December 4, 2017 / 12:37 PM / a year ago

Congo used exiled rebels to suppress anti-Kabila protests -report

DAKAR (Reuters) - Congolese security officials recruited more than 200 exiled rebel fighters to help suppress protests against President Joseph Kabila a year ago, ordering them to use lethal force, Human Rights Watch said in a report on Monday.

FILE PHOTO: Democratic Republic Congo's President Joseph Kabila attends the signing ceremony of the Peace, Security and Cooperation Framework for the Democratic Republic of Congo and the Great Lakes, at the African Union Headquarters in Ethiopia's capital Addis Ababa, February 24, 2013. A U.N.-mediated peace deal aimed at ending two decades of conflict in the east of the Democratic Republic of Congo was signed on Sunday by leaders of Africa's Great Lakes region. REUTERS/Tiksa Negeri/File Photo

Security forces killed dozens during demonstrations in December 2016 when a delay to presidential elections and Kabila’s refusal to step down sparked widespread unrest.

Kabila was required by the constitution to step down after an election to replace him in 2016 but the vote has been delayed until December 2018. Opposition leaders and activist groups have vowed fresh protests this month to try to force him from power.

The HRW report was based on interviews with 13 fighters from the M23 rebel group who it says were recruited in neighbouring Rwanda and Uganda, M23 leaders and nine Congolese security and intelligence officials, most of whom were cited anonymously.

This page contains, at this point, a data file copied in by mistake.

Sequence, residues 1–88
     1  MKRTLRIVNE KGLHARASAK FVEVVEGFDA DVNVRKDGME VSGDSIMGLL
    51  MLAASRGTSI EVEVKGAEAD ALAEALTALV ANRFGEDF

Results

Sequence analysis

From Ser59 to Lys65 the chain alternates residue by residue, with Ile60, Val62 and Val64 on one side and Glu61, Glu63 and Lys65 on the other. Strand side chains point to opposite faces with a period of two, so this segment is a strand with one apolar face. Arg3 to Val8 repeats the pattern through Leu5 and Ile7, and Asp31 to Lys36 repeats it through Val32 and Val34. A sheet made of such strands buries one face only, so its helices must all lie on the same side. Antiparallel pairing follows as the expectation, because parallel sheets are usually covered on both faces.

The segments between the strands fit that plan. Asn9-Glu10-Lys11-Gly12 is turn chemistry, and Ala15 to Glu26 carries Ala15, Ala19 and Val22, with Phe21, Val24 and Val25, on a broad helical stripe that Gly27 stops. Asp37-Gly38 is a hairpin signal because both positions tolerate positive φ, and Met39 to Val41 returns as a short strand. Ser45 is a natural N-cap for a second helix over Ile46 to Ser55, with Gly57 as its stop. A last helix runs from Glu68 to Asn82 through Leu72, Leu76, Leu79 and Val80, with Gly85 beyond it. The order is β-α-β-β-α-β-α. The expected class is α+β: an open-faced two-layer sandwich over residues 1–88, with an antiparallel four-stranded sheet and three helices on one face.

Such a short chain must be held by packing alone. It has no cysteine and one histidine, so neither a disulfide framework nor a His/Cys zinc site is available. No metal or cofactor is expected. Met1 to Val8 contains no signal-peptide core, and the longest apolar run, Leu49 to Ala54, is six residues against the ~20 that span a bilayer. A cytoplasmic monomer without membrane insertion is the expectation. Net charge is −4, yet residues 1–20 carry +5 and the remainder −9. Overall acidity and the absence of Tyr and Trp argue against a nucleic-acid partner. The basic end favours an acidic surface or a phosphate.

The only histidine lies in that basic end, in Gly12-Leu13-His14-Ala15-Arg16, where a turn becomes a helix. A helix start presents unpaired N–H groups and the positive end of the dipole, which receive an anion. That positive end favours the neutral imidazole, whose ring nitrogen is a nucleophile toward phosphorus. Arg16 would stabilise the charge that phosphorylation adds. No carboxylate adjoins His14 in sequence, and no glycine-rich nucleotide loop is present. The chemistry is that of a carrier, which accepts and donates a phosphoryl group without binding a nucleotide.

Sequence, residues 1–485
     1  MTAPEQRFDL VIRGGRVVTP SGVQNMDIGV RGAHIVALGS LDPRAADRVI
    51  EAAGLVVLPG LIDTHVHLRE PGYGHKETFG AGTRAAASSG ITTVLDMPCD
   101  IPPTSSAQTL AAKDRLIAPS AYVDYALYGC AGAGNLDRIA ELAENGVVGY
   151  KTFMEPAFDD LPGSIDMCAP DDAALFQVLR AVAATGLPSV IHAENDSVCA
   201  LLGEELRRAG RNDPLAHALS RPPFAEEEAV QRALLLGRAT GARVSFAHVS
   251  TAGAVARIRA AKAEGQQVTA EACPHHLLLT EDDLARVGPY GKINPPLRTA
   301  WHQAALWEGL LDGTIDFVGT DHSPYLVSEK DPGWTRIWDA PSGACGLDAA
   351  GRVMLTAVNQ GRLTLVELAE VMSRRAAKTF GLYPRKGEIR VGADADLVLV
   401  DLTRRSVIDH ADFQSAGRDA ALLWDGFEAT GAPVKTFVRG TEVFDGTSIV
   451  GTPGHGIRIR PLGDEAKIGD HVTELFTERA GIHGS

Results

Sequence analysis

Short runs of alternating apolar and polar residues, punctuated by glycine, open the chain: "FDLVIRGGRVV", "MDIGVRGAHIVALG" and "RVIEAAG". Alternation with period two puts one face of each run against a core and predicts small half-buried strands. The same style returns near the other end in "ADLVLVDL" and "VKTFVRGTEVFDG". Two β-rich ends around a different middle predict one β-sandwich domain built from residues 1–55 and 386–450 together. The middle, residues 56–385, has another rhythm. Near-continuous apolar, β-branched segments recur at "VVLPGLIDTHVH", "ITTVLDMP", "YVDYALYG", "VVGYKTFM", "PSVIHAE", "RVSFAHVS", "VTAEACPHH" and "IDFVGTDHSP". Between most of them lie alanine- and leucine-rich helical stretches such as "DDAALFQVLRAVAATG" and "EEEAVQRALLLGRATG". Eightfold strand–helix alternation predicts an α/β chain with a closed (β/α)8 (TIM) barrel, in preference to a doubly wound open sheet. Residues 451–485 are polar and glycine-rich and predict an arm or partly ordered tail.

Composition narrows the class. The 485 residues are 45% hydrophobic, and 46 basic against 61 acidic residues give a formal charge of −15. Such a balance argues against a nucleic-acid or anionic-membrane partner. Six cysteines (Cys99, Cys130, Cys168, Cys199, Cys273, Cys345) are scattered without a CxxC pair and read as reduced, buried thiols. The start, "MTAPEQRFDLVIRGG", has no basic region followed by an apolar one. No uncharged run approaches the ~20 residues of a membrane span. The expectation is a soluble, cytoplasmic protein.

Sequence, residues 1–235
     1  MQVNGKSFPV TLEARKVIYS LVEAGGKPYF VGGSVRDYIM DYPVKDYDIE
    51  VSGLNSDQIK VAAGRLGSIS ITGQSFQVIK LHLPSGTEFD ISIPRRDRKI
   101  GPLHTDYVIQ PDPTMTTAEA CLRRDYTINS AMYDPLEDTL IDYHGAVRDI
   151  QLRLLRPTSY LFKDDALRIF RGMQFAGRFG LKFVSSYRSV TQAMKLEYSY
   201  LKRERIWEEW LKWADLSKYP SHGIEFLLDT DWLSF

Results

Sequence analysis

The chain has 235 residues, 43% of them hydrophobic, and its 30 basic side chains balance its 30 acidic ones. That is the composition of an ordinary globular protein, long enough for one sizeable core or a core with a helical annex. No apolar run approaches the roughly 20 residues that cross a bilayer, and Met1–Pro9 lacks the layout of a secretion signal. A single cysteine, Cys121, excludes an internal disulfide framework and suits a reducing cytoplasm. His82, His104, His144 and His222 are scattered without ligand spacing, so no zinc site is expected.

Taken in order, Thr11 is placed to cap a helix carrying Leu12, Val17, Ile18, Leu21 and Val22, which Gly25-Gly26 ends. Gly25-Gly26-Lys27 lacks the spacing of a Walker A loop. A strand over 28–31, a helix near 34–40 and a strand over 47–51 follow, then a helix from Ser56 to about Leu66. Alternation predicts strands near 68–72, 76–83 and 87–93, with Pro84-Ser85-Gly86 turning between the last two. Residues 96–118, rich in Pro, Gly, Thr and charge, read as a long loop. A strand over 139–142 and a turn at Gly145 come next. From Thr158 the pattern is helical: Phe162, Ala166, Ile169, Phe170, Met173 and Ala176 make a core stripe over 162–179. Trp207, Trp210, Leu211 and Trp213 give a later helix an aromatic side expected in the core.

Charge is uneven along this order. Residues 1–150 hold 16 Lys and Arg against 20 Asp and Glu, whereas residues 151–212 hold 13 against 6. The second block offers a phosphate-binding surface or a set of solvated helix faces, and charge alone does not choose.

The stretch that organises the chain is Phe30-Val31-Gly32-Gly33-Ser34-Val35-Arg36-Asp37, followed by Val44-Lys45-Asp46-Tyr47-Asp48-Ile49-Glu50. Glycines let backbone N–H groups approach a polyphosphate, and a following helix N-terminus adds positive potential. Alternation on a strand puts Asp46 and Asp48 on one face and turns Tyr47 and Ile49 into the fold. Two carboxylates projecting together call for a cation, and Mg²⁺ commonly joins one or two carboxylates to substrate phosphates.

Congo’s government spokesman declined to comment.

Delphin Kahimbi, the head of Congo’s military intelligence named in the report as one of the operation’s coordinators, denied he recruited M23 fighters, calling the report’s findings “ridiculous and absurd”.

M23 president Bertrand Bisimwa said in a statement on Monday that Congo had recruited deserters and others previously kicked out of the group but that M23 leadership was in no way involved.

The M23 rose up against the government in eastern Congo in 2012 in one of a series of insurrections driven by disputes over ethnicity, land and resource rights that have cost millions of lives over the past two decades.

The M23 was defeated by Congolese and U.N. troops in late 2013. The government subsequently promised amnesty for most of the hundreds of rebels who fled to neighbouring Rwanda and Uganda, but the process has stalled.

Congo’s security services turned to M23 last year because Kabila did not trust his own security forces, the report said. Fighters were deployed to Kinshasa, Congo’s second city Lubumbashi and the eastern city of Goma, integrated into police, army and presidential guard units.

They were ordered to use lethal force against protesters, the report said. For their service, M23 members received hundreds of dollars each. Recruiters also warned they would lose all protection if Kabila left power.

Richard Karemire, Uganda’s military spokesman, denied M23 fighters were recruited in Uganda. Rwandan officials could not be immediately reached for comment.

Additional reporting by Elias Biryabarema in Kampala and Clement Uwiringiyimana in Kigali; Editing by Matthew Mpoke Bigg

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